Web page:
Innovation Health

Innovation Health CEO David Notari and Executive Director Amy Turner are excited about membership gains during the first 20 months of the partnership between Inova Health System and insurance company Aetna. (Photo by Brian Trompeter)

Seeking to reduce waste, lower costs and improve customers’ experiences, Inova Health System and insurance company Aetna in May 2012 formed a new partnership, Innovation Health.

The partnership began providing service in the fourth quarter of 2013 and now has 172,000 members, said CEO David Notari.

“This was the first of its kind,” he said. “In the past, hospitals and insurance companies were adversaries. It put the consumer in the middle of the mess. Here, the incentives are aligned and the consumer benefits at the end of the day.”

The new health-care model is “really going to catch fire and take off across the U.S.,” he predicted.

Cost savings – typically between 10 and 15 percent – are a major driver of the partnership’s success, Notari said. Savings need to be at least 8 to 10 percent before companies will consider switching health-care providers, he said.

“We negotiate better rates,” Notari said. “Price is still king.”

By leveraging Aetna’s pharmacy-benefit plan and price structure, Innovation Health has increased the number of lower-cost generic prescriptions issued by 21 percent, he said.

More than 1,400 small businesses participate in the program and 38,000 people buy its services on the federal government’s health exchange.

Innovation Health also has accounts with large, national firms such as Booz Allen Hamilton Inc. and public-sector agencies. About 24,000 Fairfax County Public Schools employees and retirees are enrolled in the program, Notari said.

Innovation Health has obtained an 11-percent share of the region’s health-care market, which numbers about 2 million people. In Loudoun County, the partnership’s market share is about 50 percent, he said.

Trust, flexibility and transparency were key factors as the two companies formed the partnership, said Innovation Health executive director Amy Turner.

“They took prudent steps to negotiate the terms ahead of time,” she said. “They needed to meet each other halfway to make this work.”

Innovation Health’s six-member leadership team next year hopes to expand the partnership’s geographical range as far west as Winchester and as far south as Fredericksburg, picking up Prince William County along the way, Turner said.

The partnership has been able to scale up its programs quickly and buys some services from Aetna, such as underwriting and technology, Notari said. Innovation Health uses Aetna’s network to serve employees of local companies who work in other states, not just those with access to Inova’s facilities, he said.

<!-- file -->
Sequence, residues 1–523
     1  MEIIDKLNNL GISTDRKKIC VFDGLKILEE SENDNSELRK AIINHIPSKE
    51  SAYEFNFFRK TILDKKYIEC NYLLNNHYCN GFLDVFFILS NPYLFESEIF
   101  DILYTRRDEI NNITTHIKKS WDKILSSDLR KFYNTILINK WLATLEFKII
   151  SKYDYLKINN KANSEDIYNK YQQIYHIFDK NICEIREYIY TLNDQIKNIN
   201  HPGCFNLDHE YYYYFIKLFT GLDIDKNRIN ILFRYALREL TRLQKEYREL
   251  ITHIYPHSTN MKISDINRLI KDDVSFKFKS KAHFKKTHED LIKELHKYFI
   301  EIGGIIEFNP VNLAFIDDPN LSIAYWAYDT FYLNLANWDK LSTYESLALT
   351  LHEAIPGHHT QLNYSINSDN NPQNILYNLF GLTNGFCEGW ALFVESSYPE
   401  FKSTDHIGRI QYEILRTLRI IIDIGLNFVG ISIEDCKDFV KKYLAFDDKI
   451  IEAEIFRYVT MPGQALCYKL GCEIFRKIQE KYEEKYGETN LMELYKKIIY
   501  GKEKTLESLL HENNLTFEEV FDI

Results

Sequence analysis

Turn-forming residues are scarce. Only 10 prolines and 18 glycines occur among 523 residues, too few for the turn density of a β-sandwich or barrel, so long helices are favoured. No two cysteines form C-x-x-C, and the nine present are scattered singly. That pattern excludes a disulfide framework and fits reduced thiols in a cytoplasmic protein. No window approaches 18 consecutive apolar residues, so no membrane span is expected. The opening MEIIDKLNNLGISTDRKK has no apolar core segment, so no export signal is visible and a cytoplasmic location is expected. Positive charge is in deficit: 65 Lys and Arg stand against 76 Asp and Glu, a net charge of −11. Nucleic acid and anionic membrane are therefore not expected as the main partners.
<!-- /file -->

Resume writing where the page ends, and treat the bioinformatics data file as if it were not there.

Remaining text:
A key goal is to eliminate some of the estimated $765 billion per year in waste – such as duplicative testing – that occurs in the nation’s health-care system.

Enhanced communications help make that possible, partnership officials said. Innovation Health gets a “census feed” every day at 6 a.m. regarding the whereabouts of all patients, and then pairs that information with clinical data to identify gaps in medical care.

“Usually, in the past, the insurance company didn’t know a patient was in the hospital until the claim arrived,” Notari said.

While filling out paperwork recently to have both knees replaced, Notari encountered the inefficiencies and potential bugaboos in the health-care system.

“I never realized what a burden it is,” he said.

About 90 percent of medical cases have missing information when they’re submitted for approval, Notari said.

Innovation Health this fall will finalize, and roll out on Jan. 1, a plan to use private-exchange technology to eliminate paperwork in small markets. Patients will register online and will not be able to move forward with their applications unless they supply all needed information, he said.

“We’ll be the first in the area to offer a paperless system,” Notari said. “Health care is an old, stodgy business that hasn’t adapted well to technology. We need to hold ourselves accountable for that.”

Innovation Health does not at present take Medicare or Medicaid cases, Notari said.

“We’ll look to those in the future to see if it’s the right fit for us,” he said. “We’ll continue to focus on commercial and individual businesses.”

Fairfax County Public Schools’ relationship with Innovation Health is fairly new and has been in place for about a year and a half, school officials said in a statement to the Sun Gazette.  

“We currently offer three health-coverage options, and about 46 percent of health-benefit-eligible employees and retirees have elected to participate in the Innovation coverage,” their statement read. “We have found the account team and management group effective and responsive to our group’s unique culture and needs under our administrative-services contract.”

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